Crude Slides as OPEC Production Rises in September
By Adedapo Adesanya
The major crude benchmarks took a nosedive of more than 3 per cent at the international oil market on Thursday as data showed that production from the Organisation of the Petroleum Exporting Countries (OPEC) and its allies increased in September.
The Brent crude futures fell by 3.48 per cent or $1.42 to trade at $40.88 per barrel while the West Texas Intermediate (WTI) crude futures depreciated by 3.8 per cent or $1.59 to $38.64 per barrel.
OPEC+’s September seaborne exports jumped to 22.84 million barrels per day from the 22.11 million barrels per day exported by the cartel through the sea in August.
For OPEC specifically, its exports rose from 17.53 million barrels per day in August to 18.2 million barrels per day in September.
A Reuters survey showed that OPEC’s production for September was up 160,000 barrels per day from the previous month but still showed that the oil cartel is still in compliance with its planned cuts.
The increase in the production came mostly from Iran and Libya, both of whom are exempted from the production quotas due to various unrest.
The market is interpreting this production increase as a viable threat to any oil market rebalancing especially as worries about rising cases of COVID-19 worldwide continue to feed expectations for a slowdown in energy demand.
Crude oil investors will continue to monitor rising cases and its impact on demand. In Europe, countries have started implementing or planning to reinstitute new social-distance restrictions as COVID-19 cases climb.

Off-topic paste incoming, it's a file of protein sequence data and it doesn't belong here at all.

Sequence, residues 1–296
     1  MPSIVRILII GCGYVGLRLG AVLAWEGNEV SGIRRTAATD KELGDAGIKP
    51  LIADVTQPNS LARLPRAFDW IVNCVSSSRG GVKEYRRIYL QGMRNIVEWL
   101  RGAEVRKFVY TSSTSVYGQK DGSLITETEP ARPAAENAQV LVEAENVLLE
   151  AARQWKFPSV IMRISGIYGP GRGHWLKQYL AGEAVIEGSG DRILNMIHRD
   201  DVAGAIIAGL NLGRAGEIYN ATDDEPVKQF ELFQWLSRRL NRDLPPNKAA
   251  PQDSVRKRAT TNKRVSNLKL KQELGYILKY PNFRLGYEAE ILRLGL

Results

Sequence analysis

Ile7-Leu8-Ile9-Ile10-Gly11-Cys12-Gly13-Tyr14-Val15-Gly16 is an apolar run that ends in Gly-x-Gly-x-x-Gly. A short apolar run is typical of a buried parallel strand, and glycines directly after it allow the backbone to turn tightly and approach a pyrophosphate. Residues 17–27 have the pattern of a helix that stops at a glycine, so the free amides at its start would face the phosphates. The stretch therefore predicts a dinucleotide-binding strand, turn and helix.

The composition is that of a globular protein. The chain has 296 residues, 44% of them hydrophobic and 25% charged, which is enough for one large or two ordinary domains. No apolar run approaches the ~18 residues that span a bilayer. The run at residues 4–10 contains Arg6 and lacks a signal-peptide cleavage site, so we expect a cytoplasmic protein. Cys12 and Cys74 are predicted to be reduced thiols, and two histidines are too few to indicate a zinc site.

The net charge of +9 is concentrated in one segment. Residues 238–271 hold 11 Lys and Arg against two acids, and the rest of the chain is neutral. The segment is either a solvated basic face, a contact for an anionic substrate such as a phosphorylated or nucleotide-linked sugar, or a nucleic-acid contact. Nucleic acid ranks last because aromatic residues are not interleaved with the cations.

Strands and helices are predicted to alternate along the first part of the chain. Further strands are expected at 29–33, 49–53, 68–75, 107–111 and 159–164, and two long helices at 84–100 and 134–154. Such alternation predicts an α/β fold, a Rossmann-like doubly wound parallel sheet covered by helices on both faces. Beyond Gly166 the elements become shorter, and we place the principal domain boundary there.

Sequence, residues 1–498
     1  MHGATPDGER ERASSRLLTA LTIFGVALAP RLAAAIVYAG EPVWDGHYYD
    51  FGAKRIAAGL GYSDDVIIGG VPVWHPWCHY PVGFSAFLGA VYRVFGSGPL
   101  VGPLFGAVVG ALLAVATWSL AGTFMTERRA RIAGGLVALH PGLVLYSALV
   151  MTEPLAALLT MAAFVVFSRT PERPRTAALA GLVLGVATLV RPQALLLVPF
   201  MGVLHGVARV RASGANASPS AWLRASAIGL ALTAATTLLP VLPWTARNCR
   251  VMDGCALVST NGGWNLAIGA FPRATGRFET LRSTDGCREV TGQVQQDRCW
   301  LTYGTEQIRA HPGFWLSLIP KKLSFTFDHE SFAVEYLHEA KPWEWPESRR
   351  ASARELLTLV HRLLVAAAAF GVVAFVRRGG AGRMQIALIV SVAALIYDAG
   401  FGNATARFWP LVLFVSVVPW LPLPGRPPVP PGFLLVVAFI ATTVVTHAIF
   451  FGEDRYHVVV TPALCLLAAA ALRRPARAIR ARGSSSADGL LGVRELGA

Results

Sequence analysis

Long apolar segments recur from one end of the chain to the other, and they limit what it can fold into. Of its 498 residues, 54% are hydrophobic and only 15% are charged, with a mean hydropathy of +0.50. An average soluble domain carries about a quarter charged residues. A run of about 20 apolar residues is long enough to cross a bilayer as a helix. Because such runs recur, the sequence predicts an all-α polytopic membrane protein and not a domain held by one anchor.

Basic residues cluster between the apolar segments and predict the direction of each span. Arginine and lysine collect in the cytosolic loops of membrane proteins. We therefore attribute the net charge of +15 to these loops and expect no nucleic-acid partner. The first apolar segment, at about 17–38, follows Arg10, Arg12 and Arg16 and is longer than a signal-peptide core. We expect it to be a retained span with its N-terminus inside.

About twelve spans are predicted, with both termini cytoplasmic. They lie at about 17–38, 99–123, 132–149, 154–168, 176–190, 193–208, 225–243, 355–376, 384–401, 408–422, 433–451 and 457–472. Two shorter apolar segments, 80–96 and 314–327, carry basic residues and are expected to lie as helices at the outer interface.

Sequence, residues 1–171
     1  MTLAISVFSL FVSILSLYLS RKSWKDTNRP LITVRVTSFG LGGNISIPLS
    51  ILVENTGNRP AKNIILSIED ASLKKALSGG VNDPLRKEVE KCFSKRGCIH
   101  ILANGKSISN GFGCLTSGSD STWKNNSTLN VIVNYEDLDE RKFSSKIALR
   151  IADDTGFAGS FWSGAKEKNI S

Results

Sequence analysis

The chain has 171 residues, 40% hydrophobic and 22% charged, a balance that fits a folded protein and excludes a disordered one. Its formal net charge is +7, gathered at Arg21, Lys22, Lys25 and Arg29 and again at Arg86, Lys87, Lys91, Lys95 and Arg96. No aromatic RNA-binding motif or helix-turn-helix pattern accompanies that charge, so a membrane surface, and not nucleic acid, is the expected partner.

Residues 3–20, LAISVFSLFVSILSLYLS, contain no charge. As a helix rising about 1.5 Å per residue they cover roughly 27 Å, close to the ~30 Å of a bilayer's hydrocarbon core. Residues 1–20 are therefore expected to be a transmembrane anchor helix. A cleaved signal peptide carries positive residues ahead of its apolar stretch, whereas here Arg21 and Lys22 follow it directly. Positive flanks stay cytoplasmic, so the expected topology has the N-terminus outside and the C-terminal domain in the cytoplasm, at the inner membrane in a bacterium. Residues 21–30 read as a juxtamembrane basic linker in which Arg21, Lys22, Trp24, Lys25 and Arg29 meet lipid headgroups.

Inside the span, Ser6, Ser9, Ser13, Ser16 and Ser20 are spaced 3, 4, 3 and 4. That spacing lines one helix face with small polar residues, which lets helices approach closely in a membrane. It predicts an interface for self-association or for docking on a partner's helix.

According to reports, in Spain, the majority of the country’s regions will limit public service and retail to 50 per cent capacity, while France may introduce new restrictions.
Spain, France and the Netherlands have the highest rate of new cases over the last seven days of the world’s largest countries.
Investors also watched developments among US lawmakers over a possible new round of coronavirus stimulus, which could also provide a potential lift to the energy sector, providing funding to out-of-work Americans and troubled businesses.
Also affecting prices are expectations for more oil from Libya which have continued to weigh on the market following Libya military commander Khalifa Haftar lifting an eight-month blockade on crude exports.
The uptick of production in Libya, which promises to restore 1 million daily barrels in an already oversupplied market, raises additional supply concern especially during this time of weak demand.
Also, the market, which hopes for a coronavirus vaccine, was met with disappointing news as reports show that two separate vaccine trials have resulted in unpleasant side effects, including high fever, body aches, bad headaches, and exhaustion.
Analysts noted that news of working vaccines will be crucial in stabilizing the oil market and would impact the pace of economic recovery.